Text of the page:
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Abu Dhabi, UAEThursday 21 June 2018

School workshops helping develop anti-bullying culture

Victims getting younger as social media has become the perfect breeding ground for bullies to thrive

<p>Dr&nbsp;Haneen Jarrar, a child psychologist at the Camali Clinic in&nbsp;Dubai, says young&nbsp;victims of bullying show the most noticeable change in behaviour.&nbsp;Reem Mohammed / The National</p>
<p>Dr&nbsp;Haneen Jarrar, a child psychologist at the Camali Clinic in&nbsp;Dubai, says young&nbsp;victims of bullying show the most noticeable change in behaviour.&nbsp;Reem Mohammed / The National</p>

Children as young as four have been victims of bullying and developed psychological disorders, counsellors advising schools during National Bullying Prevention Week have said.

The Ministry of Education has trained almost 700 school workers and counsellors since 2013 on the latest bullying prevention methods.

It hosted further workshops this month to bring 713 more educators up to speed with the latest techniques.

Counsellors working with children said bullies and their targets are becoming younger, and show the most noticeable change in behaviour.

“We are seeing kindergarten children who have developed eating problems because other kids would take their sandwiches, bury them in sand or make fun of what they are eating,” said Haneen Jarrar, a child psychologist at the Camali Clinic, Dubai.

“We see a lot of school refusals, changes in eating habits and general withdrawal.

“Children will often say they are being bullied, so parents should listen carefully to establish the facts and work with the school.”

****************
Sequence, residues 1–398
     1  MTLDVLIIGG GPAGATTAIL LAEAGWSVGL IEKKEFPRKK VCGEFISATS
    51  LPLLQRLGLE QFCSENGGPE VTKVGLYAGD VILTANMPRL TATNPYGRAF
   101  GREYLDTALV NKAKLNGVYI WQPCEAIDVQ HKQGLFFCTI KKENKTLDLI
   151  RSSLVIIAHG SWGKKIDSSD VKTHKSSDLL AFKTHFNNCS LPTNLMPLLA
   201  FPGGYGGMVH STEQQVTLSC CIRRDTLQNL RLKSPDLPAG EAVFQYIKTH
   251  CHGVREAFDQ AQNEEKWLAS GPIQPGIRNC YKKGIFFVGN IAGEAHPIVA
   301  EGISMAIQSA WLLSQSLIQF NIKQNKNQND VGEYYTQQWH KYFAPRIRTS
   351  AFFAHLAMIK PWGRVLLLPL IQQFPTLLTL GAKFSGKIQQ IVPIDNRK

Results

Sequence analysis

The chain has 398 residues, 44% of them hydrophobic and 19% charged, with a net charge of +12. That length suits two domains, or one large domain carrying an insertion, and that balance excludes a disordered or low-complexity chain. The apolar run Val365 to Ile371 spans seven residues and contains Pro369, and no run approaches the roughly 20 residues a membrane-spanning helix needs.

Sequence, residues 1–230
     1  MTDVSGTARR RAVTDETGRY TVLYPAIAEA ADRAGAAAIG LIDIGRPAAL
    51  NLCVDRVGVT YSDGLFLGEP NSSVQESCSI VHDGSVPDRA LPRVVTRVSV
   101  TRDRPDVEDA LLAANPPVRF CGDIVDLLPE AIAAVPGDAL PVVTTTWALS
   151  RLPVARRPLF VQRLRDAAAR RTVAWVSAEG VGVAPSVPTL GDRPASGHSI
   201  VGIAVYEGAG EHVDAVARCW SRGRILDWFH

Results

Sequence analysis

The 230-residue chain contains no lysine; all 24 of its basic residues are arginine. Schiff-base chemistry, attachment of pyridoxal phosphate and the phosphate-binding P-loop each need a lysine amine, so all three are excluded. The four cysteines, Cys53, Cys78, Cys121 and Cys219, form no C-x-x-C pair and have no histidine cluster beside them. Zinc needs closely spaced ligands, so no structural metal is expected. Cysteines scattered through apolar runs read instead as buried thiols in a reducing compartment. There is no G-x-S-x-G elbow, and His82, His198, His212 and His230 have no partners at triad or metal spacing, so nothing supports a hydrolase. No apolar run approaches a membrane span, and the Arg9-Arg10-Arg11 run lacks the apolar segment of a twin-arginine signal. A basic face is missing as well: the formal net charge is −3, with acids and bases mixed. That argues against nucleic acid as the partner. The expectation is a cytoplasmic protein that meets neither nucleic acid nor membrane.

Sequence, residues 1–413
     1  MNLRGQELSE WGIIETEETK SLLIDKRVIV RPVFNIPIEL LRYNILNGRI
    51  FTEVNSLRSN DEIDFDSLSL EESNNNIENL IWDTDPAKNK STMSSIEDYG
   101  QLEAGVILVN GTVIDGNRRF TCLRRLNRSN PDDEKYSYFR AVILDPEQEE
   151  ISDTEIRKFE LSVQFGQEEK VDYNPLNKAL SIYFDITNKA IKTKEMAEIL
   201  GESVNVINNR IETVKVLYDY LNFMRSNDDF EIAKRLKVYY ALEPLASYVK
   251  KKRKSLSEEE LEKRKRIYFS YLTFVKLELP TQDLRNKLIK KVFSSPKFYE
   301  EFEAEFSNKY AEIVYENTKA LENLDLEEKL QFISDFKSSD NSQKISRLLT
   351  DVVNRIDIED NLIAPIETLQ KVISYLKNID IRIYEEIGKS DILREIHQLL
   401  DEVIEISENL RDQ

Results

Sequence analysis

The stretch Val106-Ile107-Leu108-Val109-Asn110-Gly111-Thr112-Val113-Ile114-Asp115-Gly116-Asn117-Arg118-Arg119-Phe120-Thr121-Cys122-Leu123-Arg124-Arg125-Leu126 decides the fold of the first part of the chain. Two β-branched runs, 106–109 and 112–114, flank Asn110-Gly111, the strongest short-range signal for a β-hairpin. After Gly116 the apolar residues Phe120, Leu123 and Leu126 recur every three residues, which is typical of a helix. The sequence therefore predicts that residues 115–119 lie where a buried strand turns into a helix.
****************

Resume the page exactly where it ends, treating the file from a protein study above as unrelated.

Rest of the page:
Children who bully tend to have a positive attitude towards aggression, become easily frustrated with a quick temper and have an inability to conform to rules, psychologists said.

Other common traits are to use fear and intimidation to gain respect from others.

Counsellors and child psychologists have been hosting workshops in schools to create an anti-bullying culture, and offer cognitive behaviour therapy to those targeted.

“We see the effect of different types of bullying, verbal, social, physical and cyber bullying – an area becoming more common,” said Ms Jarrar.

“Bullying used to stop when you went home, but now it is 24/7 and has become so harmful for children.”

The Dubai British School, like others in the Taaleem group, encourage pupils to report bullying when they see it.

It also runs a mentoring programme to pair up older pupils with younger, vulnerable pupils.

“Senior primary pupils are given roles to act as playground buddies, maintaining a presence during break and play-times to ensure no kids are being intimidated or bullied and that no one is being left out,” said Brendon Fulton, DBS principal.

“We run regular parental workshops on how to look out for and deal with bullying, including cyber-bullying.

“These sessions are run by professionals who give tips on signs to look out for and strategies to help teenagers understand and deal with bullying issues.”

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To encourage conversations around immoral social media usage, telecoms provider du has produced a collection of four hard-hitting films to illustrate its harmful and unethical nature.

The films address bullying and accidents, the two most frequent kinds of negative situations experienced online.

A 2017 global well-being report on student welfare found the UAE ranked eighth on a list of how common bullying was in schools, with 27 per cent of pupils claiming to be bullied regularly.

Linda Bonnar, a former teacher in Dubai who is now a lifecoach and author, said social media has offered the perfect environment for bullying.

“Social media is great in so many ways, but it unfortunately does provide a platform for young people to post and send inappropriate, harmful and hurtful messages to others,” she said.

“A lot of the factors have been around for years, such as people being unwilling to accept others for who they are in terms of their background, culture, race or religion.

“The anxiety and stress bullying creates in a young person’s life is a vicious circle and one that can be carried into adulthood.

“Schools do a fantastic job in not only addressing the problem, but also in educating our young people on what to do if they are in that situation.”